Happy New Year's Eve, everyone! I'm planning to post tomorrow as well, just for fun. Plus, I'm actually getting a bit ahead on my story, so I wanted to bring the blog a little bit closer to where I really am in the writing. By "little bit", I mean that I'm currently writing chapter 12 scene 3, but as you can see, I just started posting scenes from chapter eight. So I will probably maintain an accelerated rate of posting for a while, until the blog is within a chapter of where I'm actually writing.
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A few days later, when they reached the King’s Highway once again, Balfrith looked back south toward his family estate. “I suppose lord Felaranthir was right - I should have stayed away. Now, who can say what will happen? Will my brothers continue to hate me? And will my father forgive me?”
Eldamir said, “I think, Balfrith, that they will one day forgive. It is hard to carry such anger for many years. And though to you it may seem like five years has been long enough, I have seen such wrath last for much longer before burning itself out. Of course I speak in Elefdar terms, but I know that with Men, your passions burn even more brightly, and for a shorter time. In this I think you have an advantage over my people - and I think that should you return again in five years, or ten, your reception may be better.”
His words made Balfrith feel somewhat better, but just then he also remembered a passing comment from his brother. “Wilfrid mentioned that you had visited my home after I ran away. Was that before we arrived at Fanyamar?”
“Aye, it was. My father sent me the morning after you and I met, to track back along your footsteps and find your home. He wanted me to speak with your father, to find out the truth of your story.”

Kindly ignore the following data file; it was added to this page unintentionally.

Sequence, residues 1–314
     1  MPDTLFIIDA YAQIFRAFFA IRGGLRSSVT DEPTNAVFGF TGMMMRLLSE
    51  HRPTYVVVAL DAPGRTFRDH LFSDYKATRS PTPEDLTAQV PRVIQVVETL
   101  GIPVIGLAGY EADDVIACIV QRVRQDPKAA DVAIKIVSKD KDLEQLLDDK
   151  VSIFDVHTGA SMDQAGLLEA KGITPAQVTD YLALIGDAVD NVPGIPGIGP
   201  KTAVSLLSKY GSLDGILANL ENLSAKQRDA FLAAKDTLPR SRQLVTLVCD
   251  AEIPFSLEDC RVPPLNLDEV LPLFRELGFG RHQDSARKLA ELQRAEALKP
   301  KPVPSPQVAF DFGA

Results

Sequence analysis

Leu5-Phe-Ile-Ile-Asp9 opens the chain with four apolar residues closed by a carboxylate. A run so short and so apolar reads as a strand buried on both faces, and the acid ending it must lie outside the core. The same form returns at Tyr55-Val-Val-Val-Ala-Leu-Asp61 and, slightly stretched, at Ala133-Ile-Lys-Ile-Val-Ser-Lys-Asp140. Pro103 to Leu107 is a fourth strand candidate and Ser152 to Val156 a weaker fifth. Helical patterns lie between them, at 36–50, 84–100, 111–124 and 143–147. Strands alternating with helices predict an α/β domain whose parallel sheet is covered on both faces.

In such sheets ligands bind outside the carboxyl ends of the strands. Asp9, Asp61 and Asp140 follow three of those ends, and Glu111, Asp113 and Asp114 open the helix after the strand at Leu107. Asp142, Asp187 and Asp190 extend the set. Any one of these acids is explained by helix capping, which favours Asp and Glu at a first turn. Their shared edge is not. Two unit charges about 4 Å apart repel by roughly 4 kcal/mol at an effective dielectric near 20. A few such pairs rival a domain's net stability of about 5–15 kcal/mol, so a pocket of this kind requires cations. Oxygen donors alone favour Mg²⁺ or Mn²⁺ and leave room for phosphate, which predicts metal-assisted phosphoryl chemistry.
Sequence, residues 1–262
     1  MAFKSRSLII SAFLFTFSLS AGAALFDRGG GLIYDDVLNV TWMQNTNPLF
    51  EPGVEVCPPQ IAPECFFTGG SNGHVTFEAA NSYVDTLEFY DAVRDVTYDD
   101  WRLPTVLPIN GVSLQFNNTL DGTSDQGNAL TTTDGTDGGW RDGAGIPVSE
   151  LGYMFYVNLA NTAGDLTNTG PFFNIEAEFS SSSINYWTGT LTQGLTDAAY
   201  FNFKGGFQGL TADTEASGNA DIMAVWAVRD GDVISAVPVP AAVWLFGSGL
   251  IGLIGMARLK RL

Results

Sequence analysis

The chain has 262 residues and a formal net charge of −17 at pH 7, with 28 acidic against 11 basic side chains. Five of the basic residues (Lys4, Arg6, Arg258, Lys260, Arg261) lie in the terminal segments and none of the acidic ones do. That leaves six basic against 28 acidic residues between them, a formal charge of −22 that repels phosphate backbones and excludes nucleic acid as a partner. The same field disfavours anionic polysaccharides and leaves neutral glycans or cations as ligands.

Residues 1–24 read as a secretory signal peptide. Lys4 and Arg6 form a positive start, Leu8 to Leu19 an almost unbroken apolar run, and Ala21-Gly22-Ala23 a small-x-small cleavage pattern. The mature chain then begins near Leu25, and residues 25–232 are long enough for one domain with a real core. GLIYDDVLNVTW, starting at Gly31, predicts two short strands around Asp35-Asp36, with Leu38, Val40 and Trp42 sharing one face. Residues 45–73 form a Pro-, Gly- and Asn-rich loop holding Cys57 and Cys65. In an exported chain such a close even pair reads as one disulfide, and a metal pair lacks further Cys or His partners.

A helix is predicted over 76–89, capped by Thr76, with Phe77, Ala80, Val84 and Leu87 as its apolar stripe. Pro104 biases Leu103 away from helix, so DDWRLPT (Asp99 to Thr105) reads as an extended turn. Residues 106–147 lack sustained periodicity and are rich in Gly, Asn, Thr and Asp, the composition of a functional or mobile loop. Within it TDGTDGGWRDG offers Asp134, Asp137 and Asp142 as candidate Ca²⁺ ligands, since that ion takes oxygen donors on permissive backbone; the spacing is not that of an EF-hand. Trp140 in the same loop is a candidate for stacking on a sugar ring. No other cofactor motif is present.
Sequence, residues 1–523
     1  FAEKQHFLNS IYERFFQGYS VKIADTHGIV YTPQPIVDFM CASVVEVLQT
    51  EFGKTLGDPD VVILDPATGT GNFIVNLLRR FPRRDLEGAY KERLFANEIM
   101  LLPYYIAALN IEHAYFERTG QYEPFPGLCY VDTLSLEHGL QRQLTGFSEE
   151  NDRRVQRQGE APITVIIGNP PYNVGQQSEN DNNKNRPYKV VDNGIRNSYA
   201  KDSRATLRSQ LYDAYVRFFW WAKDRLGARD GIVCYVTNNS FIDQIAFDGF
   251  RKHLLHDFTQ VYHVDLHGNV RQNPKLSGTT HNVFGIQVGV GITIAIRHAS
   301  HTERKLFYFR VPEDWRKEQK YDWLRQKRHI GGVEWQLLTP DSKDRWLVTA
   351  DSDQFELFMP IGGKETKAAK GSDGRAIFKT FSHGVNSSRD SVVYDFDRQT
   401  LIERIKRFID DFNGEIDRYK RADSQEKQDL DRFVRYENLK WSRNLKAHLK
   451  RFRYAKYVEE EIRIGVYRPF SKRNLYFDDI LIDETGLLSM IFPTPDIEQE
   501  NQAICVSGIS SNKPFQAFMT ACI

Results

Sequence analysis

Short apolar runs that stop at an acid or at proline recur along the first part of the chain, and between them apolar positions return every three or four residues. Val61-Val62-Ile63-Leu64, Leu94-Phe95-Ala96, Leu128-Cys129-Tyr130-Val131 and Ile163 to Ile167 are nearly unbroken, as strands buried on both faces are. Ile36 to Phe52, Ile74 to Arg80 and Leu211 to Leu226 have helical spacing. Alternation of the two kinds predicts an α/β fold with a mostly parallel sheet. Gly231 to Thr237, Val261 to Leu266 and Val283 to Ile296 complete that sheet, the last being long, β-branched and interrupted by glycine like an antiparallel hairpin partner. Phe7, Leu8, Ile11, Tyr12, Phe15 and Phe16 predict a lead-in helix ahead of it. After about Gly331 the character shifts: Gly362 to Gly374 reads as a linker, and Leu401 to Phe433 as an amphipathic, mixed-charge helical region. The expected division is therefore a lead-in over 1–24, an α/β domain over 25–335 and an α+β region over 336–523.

“And what did you learn?” asked Balfrith, afraid to hear the answer.
Eldamir sighed - he hadn’t wanted to have this conversation, but knew it would have to be done sooner or later. “Duke Osric confirmed that you were gone, and he told me that you had stolen his family heirloom, the sword Branulf. And he said that we could take you in and train you, if we wished.”
Balfrith looked closely at his friend, and said, “That’s not all he said, was it? Wilfrid said he washed his hands of me. And he mentioned the curse. So you knew of all of that, all this time?”
Eldamir looked down, and said, “Aye, I knew.”
“And you told lord Felaranthir?”
“… Aye, I told my father.”
Balfrith was silent for some time, and they stood in the road, not moving. Finally he said, “And lord Felaranthir allowed me to pass into Fanyamar anyway. And he played the part as if he knew nothing, waiting to see what I would do.”
Eldamir took a breath, paused, and said, “My father saw something in you, Balfrith, something worth preserving. No one is perfect, be it Man or Elefdar - and who are we to judge the worth of anyone? All we can do is judge by words and actions - and by your words, you showed at least that you were humble, and aware of your misdeeds, and willing to mend them. Of course, my father said you would be held to your vows - and so you shall be, if you don’t hold yourself to them as a Man of honor. But I think that if you continue along this path, you shall in the end profit from it, your vows fulfilled and your honor restored.”
Though he didn’t expect words to help, Balfrith discovered that his friend’s encouragement buoyed his spirit. He smiled, clapped Eldamir on the back, and said, “Indeed, my friend, I hope you are right. Now, let us get moving. Hightower is eight days’ walk ahead of us, and I for one would rather arrive sooner than later.”